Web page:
Predictors of Readmission and Prolonged Length of Stay After Cervical Disc Arthroplasty

Michelle Zeidan, MD; Vadim Goz, MD; Nikita Lakomkin, MD; Nicholas Spina, MD; Darrel S. Brodke, MD; William R. Spiker, MD


Spine. 2021;46(8):487-491. 

In This Article

Abstract and Introduction


Study Design: Retrospective cohort study.

Objective: The aim of the study was to assess which factors increase risk of readmission within 30 days of surgery or prolonged length of stay (LOS) (≥2 days) after cervical disc arthroplasty (CDA).

Summary of Background Data: Several studies have shown noninferiority at mid- and long-term outcomes after cervical disc arthroplasty (CDA) compared to anterior cervical discectomy and fusion ACDF, but few have evaluated short-term outcomes regarding risk of readmission or prolonged LOS after surgery.

Methods: Demographics, comorbidities, operative details, postoperative complications, and perioperative outcomes were collected for patients undergoing single level CDA in the National Surgical Quality Improvement Program (NSQIP) database. Patients with prolonged LOS, defined as >2 days, and readmission within 30 days following CDA were identified. Univariable and multivariable logistic regression models were used to identify risk factors for prolonged LOS and readmission.

Results: A total of 3221 patients underwent single level CDA. Average age was 45.6 years (range 19–82) and 53% of patients were male. A total of 472 (14.7%) experienced a prolonged LOS and 36 (1.1%) patients were readmitted within 30 days following surgery. Predictors of readmission were postoperative superficial wound infection (odds ratio [OR] = 73.83, P < 0.001), American Society of Anesthesiologists (ASA) classification (OR = 1.98, P = 0.048), and body mass index (BMI) (OR = 1.06, P = 0.02). Female sex (OR = 1.76, P < 0.001), diabetes (OR = 1.50, P = 0.024), postoperative wound dehiscence (OR = 13.11, P = 0.042), ASA class (OR = 1.43, P < 0.01), and operative time (OR = 1.01, P < 0.001) were significantly associated with prolonged LOS.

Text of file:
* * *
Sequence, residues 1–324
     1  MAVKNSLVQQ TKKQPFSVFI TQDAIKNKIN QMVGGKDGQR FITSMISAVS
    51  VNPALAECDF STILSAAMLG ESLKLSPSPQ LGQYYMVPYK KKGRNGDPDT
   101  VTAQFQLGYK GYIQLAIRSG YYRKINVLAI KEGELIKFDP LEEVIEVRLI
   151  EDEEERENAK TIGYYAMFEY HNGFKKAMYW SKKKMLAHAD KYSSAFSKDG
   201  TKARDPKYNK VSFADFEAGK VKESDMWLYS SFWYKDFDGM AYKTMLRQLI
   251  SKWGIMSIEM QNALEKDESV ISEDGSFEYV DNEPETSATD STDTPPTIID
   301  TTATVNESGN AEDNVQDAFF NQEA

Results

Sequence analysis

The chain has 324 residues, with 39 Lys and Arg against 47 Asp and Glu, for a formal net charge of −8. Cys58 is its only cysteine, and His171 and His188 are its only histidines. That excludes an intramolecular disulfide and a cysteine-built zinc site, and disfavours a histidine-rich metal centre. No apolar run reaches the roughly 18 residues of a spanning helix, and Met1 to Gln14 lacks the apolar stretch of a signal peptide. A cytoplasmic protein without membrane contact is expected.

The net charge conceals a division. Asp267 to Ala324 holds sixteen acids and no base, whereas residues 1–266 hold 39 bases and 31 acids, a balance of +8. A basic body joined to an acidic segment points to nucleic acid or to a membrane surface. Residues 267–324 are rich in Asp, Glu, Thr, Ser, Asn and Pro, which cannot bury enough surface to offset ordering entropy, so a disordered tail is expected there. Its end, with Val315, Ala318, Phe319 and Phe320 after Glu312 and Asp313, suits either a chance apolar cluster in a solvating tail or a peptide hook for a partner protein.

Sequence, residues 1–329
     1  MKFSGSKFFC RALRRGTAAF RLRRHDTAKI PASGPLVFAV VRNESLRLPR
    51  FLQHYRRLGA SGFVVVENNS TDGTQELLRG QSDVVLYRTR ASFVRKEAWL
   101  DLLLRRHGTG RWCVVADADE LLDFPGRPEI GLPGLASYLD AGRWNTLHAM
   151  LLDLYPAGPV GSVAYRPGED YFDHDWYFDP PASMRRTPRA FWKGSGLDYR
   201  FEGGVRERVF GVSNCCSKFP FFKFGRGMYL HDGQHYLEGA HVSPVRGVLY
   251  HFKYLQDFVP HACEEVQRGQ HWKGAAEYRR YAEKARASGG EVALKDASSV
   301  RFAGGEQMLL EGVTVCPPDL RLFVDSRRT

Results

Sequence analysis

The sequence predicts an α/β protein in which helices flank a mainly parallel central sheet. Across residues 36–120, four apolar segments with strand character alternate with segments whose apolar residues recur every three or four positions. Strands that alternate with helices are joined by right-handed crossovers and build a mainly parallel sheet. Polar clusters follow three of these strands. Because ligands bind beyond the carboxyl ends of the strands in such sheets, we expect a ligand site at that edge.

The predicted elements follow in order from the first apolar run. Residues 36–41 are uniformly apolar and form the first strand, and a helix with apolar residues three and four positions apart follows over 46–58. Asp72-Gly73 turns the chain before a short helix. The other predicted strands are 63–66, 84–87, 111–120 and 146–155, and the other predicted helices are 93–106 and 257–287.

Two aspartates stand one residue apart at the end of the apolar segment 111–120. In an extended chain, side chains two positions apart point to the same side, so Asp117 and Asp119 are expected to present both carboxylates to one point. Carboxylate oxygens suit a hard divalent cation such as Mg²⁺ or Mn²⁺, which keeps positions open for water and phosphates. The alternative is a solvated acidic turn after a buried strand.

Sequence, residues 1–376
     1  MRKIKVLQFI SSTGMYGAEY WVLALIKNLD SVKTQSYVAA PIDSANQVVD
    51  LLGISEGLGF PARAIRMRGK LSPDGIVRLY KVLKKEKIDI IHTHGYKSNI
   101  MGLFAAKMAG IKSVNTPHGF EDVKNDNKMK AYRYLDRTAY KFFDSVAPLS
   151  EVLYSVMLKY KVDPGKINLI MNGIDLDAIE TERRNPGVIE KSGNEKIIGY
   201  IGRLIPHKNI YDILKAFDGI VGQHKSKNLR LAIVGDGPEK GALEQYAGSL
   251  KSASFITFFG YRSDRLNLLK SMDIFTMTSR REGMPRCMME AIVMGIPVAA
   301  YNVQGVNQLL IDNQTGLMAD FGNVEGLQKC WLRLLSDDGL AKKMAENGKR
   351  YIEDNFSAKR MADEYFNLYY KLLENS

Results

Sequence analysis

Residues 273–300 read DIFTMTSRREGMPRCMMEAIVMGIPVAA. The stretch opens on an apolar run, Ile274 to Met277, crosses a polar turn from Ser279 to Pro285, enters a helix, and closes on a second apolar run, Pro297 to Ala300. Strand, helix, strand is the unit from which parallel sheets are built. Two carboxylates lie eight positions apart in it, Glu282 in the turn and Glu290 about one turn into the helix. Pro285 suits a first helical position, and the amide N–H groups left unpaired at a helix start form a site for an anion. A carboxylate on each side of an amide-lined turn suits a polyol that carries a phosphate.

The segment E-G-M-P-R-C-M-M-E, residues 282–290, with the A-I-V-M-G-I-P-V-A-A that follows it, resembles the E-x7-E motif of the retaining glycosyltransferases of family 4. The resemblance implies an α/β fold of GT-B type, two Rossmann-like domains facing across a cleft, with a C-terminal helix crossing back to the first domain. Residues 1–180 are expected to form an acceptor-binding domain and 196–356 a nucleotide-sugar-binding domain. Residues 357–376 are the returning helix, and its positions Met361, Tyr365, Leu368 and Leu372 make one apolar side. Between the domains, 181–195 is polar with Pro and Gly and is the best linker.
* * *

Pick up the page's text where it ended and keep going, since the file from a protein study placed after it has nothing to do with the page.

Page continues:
Conclusion: From a nationwide database analysis of 3221 patients, wound complications are predictors of both prolonged LOS and readmission. Patient comorbidities, including diabetes, higher ASA classification, female sex, and higher BMI also increased risk of prolonged LOS or readmission.

Level of Evidence: 3


Cervical disc arthroplasty (CDA) has emerged as a viable alternative to anterior cervical discectomy and fusion (ACDF) in the treatment of degenerative disc disease. The traditional indications for CDA are patients with one- or two-level stenosis causing radiculopathy or myelopathy that have failed conservative management. Contraindications include, but are not limited to, patients with significant pre-operative instability (>3.5-mm translation on flexion-extension lateral radiographs), axial neck pain, inflammatory arthropathies, severe facet arthropathy, or disc space collapse.[1] The key advantage of CDA over ACDF is motion preservation, which some studies suggest results in decreased rates of adjacent segment disease, although the literature shows conflicting results in this regard.[2–5] There are also decreased subjective complaints of dysphagia, earlier return to work, and improved neck disability index and neck pain scores.[2–4,6,7]

Although the number of disc replacements has rapidly increased in recent years,[8] little is known regarding the rates and predictors of suboptimal postoperative outcomes, specifically those requiring readmission or prolonged length of stay (LOS). When comparing inpatient and outpatient CDA, a study by Hill et al[9] suggests that diabetes and higher body mass index (BMI) may be related to need for inpatient status, but the literature is sparse regarding further predictors of outcomes. As such, the purpose of this study was to identify the incidence and specific causes of readmissions and prolonged LOS following inpatient CDA.